Economics and the mid-life crisis have much in common: Both dwell on foregone opportunities

C'est la vie; c'est la guerre; c'est la pomme de terre . . . . . . . . . . . . . email: jpalmer at uwo dot ca

. . . . . . . . . . .Richard Posner should be awarded the next Nobel Prize in Economics . . . . . . . . . . . .

Friday, November 12, 2004

Suing Ontario over the Health Tax?

During the run-up to the most recent election, the current leader of the Ontario Liberal Party [Dalton McGuinty] signed an agreement in September, 2003, not raise taxes in Ontario. There is also a law on the books prohibiting the provincial gubmnt from raising taxes without an election or referendum.

Nevertheless, shortly after the Liberals defeated the Conservatives in the last provincial election, they declared that the province's finances were in much worse shape than they had imagined and imposed a health "levy" to help with the costs of running the medical system in the province.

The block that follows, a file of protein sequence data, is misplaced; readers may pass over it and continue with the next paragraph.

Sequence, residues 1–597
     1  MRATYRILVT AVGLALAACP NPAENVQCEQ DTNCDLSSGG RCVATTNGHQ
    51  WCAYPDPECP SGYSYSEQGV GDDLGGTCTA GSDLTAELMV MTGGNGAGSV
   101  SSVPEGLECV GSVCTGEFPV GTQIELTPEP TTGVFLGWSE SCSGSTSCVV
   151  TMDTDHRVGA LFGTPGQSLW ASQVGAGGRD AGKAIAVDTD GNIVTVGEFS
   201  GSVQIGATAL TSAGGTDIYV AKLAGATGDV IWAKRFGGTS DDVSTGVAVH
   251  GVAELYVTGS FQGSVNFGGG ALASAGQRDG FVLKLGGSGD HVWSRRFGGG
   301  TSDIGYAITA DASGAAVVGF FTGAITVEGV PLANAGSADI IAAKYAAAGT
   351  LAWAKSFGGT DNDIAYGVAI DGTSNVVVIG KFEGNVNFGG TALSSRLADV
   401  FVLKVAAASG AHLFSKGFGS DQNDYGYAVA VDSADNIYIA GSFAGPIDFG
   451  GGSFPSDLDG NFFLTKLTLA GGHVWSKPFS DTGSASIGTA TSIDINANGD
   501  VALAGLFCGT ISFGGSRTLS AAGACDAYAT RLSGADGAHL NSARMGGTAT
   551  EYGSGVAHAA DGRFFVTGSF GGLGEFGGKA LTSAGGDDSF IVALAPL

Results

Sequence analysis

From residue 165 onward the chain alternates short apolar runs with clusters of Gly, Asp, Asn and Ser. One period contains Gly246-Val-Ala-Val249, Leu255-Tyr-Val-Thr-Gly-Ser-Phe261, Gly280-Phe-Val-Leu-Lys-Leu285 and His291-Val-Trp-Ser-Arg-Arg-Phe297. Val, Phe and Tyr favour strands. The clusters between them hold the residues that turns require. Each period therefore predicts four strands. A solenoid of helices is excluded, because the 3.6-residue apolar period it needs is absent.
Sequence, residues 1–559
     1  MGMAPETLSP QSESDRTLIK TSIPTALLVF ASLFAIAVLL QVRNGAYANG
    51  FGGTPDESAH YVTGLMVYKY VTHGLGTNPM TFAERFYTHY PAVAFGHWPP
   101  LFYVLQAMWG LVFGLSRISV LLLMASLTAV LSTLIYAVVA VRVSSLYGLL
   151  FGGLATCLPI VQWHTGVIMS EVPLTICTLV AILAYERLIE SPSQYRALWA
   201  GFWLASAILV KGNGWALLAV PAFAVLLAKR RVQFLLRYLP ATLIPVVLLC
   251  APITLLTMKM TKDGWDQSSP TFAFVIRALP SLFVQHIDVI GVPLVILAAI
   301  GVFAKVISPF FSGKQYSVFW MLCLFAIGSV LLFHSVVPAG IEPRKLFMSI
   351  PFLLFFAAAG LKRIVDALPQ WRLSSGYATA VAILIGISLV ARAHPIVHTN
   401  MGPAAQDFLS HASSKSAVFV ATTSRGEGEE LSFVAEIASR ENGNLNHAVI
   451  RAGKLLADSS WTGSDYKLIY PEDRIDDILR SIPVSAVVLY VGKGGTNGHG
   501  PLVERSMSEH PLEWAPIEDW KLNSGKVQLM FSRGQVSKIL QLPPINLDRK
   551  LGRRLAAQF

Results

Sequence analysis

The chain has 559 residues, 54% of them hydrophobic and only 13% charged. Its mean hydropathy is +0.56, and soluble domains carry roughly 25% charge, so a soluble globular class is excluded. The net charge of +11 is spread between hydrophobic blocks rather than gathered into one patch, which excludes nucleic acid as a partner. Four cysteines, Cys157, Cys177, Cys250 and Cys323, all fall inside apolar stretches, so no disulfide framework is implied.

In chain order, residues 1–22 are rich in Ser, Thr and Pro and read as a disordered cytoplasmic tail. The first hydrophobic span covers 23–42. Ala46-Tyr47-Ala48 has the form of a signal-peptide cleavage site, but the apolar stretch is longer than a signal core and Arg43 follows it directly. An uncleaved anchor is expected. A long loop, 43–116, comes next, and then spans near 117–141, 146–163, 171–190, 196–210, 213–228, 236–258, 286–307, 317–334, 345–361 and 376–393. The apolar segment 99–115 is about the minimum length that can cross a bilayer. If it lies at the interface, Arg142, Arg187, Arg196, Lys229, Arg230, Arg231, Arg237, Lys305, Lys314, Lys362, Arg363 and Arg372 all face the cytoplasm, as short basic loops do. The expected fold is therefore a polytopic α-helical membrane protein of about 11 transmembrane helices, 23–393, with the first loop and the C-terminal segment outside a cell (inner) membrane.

The Canadian Taxpayers Federation is suing the Province and the Premier for violation of the law and breach of contract. The case has been delayed a few months but finally goes to court on Monday, November 15th.

Of course, "impossibility" is sometimes a defence in a breach of contract suit; it might even be raised in defence of the gubmnt's alleged violation of the law. But it's difficult to understand how the gubmnt can claim they didn't know how badly the province was in debt when serious fiscal mismanagement by the conservatives was so well-known that it became a campaign issue for many of the liberal candidates.

So let me raise the usual questions from Economic Analysis of Law: What are the risks? and who is the least-cost avoider of the risks?

One of the risks, of course, is that the taxpayers will foot the legal bills, regardless of the outcome of the suit!

Thanks to Jim Chapman for the pointer on this issue.

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